Speech code is spoken language that seems to mean one thing but really means another. I first saw the term used with this meaning in the "Quiller" novels of one of my favorite spy fiction authors, Adam Hall. Two spies might use speech code when, for example, they speak on a telephone line that may be tapped. One spy might say "the train arrives at midnight" to mean "the ambassador will leave the embassy compound at noon."
Speech code has two purposes:
Sometimes, speech code is arranged in advance. Key phrases are memorized so that each party can know what the other means. In this case, the real meaning of a sentence can be completely different than its surface meaning. For example, "it's snowing here" might mean "please ask Q to send the portable helicopter."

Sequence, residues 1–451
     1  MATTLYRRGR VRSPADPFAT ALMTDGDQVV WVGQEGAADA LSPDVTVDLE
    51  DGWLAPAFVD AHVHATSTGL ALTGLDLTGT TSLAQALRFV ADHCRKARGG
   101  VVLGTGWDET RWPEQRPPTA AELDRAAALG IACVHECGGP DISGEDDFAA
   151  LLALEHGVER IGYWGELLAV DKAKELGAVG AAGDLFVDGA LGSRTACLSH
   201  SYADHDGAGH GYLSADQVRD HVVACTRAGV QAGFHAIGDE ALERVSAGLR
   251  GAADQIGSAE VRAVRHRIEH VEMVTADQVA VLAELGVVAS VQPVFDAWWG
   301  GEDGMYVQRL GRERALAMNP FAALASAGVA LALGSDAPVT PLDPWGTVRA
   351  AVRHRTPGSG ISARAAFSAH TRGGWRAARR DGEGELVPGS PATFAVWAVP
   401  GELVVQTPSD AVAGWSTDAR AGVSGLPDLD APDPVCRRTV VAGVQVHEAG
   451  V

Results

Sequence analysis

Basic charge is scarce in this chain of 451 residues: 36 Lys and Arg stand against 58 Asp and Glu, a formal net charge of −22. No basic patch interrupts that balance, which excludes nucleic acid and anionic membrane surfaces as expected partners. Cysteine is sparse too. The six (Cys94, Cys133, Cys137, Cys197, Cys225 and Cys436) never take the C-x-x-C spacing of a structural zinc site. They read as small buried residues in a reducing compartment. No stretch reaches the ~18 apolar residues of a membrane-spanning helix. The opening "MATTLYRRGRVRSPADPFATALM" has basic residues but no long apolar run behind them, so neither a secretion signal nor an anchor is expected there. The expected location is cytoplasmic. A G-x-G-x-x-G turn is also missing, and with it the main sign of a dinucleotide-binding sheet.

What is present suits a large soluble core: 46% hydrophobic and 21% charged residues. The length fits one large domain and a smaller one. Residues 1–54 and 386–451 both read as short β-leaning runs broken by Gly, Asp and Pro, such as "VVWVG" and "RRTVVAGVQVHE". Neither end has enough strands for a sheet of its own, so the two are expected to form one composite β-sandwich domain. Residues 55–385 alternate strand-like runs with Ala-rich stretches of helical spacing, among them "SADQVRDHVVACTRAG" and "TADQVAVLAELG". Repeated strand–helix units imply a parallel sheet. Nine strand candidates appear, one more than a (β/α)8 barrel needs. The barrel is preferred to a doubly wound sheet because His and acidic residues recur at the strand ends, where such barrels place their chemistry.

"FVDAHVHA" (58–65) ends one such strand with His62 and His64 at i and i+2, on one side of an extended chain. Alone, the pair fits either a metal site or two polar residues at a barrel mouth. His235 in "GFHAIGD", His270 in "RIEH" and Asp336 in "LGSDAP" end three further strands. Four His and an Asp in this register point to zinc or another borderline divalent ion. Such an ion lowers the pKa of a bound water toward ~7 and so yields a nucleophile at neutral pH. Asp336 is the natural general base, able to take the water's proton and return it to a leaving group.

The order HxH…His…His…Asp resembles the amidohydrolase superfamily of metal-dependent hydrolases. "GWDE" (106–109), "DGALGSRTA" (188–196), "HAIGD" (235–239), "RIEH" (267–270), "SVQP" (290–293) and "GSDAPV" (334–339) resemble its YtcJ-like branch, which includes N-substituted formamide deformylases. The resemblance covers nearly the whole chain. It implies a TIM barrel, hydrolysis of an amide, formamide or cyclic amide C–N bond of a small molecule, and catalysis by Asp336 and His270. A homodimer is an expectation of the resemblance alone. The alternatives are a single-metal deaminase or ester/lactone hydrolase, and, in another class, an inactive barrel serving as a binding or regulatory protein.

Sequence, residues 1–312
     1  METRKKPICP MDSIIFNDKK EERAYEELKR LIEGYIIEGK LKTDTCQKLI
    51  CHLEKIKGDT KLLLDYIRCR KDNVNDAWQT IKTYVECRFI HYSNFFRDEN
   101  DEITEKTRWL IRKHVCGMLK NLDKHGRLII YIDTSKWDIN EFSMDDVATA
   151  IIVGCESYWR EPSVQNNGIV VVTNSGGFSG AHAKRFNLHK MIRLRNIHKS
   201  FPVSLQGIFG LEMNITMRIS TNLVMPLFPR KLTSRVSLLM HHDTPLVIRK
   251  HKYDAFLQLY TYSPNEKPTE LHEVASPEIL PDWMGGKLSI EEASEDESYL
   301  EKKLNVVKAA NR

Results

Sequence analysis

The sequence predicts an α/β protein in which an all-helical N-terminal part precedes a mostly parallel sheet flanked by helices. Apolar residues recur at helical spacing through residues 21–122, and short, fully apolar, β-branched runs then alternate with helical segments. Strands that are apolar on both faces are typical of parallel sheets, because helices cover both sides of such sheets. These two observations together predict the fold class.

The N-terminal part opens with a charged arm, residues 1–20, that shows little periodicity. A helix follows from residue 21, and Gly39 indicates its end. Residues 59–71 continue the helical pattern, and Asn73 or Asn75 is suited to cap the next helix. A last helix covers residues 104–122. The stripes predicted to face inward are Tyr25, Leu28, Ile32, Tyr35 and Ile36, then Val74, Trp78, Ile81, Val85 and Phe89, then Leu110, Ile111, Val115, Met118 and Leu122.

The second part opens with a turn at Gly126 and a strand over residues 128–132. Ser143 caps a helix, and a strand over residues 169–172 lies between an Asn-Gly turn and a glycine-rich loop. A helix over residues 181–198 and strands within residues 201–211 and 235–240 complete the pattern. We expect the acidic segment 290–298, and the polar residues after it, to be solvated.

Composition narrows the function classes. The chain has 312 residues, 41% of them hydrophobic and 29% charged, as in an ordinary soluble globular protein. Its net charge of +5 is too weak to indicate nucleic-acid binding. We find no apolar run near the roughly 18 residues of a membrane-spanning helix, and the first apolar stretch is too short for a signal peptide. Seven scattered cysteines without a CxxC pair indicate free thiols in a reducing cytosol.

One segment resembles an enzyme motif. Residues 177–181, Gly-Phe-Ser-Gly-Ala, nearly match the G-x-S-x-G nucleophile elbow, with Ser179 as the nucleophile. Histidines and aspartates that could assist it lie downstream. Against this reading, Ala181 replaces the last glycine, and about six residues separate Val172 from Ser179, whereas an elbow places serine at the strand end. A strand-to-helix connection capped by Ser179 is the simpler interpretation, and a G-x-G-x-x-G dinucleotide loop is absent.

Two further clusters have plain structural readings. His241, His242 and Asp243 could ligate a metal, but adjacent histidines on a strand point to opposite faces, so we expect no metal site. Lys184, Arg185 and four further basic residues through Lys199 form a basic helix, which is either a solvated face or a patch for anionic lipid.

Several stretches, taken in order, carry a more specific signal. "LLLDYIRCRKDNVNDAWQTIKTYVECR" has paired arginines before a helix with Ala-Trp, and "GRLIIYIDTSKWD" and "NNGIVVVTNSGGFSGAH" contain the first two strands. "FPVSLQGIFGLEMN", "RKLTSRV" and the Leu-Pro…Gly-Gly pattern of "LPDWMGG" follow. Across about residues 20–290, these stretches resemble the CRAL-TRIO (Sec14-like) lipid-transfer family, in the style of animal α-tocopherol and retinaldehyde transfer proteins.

Under circumstances which are more fluid, the two parties may make up the code as they go along, each relying on the other's knowledge of the context of the conversation to provide the necessary translation. For example, a spy working in an enemy's aircraft factory might tell her control "I went hiking and took some pictures of an eagle today" when she meant "I managed to photograph the fighter plane."
I like the whole idea, so I chose my Internet domain,
speechcode.com, based on it. Who knows? Perhaps this entire web site is in code.